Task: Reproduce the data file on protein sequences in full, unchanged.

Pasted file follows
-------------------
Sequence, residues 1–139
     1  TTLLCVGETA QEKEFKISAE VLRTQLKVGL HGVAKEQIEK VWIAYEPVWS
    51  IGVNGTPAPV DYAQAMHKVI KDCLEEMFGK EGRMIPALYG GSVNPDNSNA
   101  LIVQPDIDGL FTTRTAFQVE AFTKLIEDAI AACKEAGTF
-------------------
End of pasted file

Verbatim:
Sequence, residues 1–139
     1  TTLLCVGETA QEKEFKISAE VLRTQLKVGL HGVAKEQIEK VWIAYEPVWS
    51  IGVNGTPAPV DYAQAMHKVI KDCLEEMFGK EGRMIPALYG GSVNPDNSNA
   101  LIVQPDIDGL FTTRTAFQVE AFTKLIEDAI AACKEAGTF